Columbia County taxpayers might have to pay a bigger share of the costs to run state agencies.
Lawmakers again will slash the state budget after the General Assembly convenes this week. Those cuts likely will translate into less funding for state agencies operating in Columbia County.
Columbia County Commission members expressed its concern during a meeting with lawmakers Tuesday about the potential for lost state services in the county, or the possibility they might have to find the funding to keep those services.
The county already spends nearly $1.9 million annually to help operate such state agencies as the Health Department, Forestry Commission, Division of Family and Children Services, Driver's License Bureau and Superior Court.
The county also has earmarked $44 million in 1-cent sales tax funds to construct a new Health Department building and widen Washington Road, which is a state route. Last year, the county spent $2 million in sales tax money to build a Georgia State Patrol post on Chamblin Road.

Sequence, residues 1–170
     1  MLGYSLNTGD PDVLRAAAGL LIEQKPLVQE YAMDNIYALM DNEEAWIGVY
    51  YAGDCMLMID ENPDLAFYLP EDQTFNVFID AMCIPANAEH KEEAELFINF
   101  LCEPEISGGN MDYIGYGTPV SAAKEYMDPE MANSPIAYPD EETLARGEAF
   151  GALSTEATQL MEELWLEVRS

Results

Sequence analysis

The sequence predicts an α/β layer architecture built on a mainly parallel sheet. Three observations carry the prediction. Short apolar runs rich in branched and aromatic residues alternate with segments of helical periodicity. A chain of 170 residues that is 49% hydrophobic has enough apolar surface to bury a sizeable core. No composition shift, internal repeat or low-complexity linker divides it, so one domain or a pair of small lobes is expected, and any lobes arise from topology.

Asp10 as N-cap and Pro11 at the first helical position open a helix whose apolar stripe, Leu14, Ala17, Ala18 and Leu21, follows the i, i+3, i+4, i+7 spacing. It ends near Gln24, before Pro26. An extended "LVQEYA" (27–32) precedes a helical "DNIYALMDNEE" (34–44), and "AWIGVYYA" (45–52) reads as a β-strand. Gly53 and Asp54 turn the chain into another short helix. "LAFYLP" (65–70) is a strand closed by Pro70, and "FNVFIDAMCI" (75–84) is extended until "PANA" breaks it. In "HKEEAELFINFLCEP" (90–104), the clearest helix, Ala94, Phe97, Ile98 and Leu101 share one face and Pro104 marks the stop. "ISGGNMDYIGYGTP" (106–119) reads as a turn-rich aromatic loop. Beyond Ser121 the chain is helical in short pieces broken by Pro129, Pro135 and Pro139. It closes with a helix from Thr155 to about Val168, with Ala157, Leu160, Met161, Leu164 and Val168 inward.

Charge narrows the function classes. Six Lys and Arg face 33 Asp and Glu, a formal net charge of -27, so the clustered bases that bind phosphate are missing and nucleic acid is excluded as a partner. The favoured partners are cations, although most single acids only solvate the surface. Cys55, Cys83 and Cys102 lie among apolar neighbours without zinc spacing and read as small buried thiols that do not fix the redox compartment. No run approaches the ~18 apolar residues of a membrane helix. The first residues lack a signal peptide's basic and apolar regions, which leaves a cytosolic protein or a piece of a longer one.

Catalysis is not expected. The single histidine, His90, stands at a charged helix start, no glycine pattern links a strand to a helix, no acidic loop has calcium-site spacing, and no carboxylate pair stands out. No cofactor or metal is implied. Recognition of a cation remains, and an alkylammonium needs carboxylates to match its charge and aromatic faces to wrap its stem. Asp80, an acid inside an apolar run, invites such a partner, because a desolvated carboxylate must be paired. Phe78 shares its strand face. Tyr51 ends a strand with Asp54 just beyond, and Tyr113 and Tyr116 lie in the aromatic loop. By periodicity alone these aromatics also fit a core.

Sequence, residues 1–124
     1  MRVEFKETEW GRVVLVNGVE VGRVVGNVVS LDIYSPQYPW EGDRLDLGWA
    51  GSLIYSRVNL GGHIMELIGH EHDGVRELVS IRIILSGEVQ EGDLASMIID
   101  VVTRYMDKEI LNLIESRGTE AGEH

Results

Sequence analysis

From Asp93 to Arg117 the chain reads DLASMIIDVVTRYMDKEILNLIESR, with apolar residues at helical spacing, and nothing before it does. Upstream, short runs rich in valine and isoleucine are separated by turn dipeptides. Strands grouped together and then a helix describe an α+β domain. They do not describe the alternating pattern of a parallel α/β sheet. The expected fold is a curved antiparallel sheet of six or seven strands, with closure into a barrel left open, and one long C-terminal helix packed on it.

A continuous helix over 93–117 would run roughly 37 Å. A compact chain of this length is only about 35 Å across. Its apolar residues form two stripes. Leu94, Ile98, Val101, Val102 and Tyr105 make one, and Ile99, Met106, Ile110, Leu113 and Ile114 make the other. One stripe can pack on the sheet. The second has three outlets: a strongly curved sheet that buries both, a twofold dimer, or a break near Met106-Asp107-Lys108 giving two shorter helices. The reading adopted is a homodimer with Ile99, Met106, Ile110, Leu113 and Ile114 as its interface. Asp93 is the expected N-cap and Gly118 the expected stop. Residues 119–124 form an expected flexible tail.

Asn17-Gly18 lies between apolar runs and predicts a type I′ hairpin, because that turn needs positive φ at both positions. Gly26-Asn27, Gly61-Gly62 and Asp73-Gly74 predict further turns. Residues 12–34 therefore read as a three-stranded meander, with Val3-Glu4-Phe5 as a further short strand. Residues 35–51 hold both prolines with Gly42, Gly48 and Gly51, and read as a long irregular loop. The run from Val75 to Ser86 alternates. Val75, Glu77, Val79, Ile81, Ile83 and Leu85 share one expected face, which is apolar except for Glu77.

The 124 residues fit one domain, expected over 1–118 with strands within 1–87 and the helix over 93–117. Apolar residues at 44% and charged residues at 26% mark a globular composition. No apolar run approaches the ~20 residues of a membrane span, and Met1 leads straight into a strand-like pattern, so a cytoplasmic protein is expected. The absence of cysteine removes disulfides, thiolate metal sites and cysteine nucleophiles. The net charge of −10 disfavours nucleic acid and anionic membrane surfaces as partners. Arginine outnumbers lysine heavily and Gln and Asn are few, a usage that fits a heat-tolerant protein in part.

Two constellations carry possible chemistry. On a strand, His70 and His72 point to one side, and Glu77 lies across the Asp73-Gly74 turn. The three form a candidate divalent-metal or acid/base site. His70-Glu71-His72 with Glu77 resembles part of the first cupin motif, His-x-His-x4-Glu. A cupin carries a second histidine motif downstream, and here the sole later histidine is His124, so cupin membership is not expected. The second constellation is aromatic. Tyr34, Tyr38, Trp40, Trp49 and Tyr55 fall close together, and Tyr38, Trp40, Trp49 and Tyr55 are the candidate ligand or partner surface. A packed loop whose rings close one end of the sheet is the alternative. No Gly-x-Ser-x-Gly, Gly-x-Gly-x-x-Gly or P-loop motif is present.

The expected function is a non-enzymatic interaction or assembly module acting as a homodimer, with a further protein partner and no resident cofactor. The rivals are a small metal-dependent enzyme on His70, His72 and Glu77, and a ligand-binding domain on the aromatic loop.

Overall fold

Lawmakers indicated Tuesday that the commission might have to pay even more to maintain service levels at those agencies.
"I just don't see any way around it," state Rep. Ben Harbin, the chairman of the House Appropriations Committee, said about additional budget cuts. "We're probably going to have to cut everything a little bit."
Harbin said the extent of the cuts isn't yet known, but he expects election-year politics to be a factor in what state programs are nixed and what departments suffer most.
In the past two years, the state budget has been cut from $22 billion to $15 billion and legislators likely will be looking to trim about $700 million more.
Such cuts present a particularly difficult challenge for communities such as Columbia County that wish to maintain the level of services expected by its residents, but can do so only by maintaining its funding levels, said Commissioner Ron Thigpen.
Columbia County has budget problems of its own even without having to find local money to fund state agencies.
Last month, the commission announced that they have directed department heads and division directors to cut their budgets by 5 percent. That percentage is nearly equal to the drop in sales tax revenues in the county.
Despite the drop in revenues, officials pointed out the county still has a healthy reserve fund and is still generating more sales tax revenue that it was two years ago.
"We're very fortunate, but we're not unimpacted," Thigpen said.
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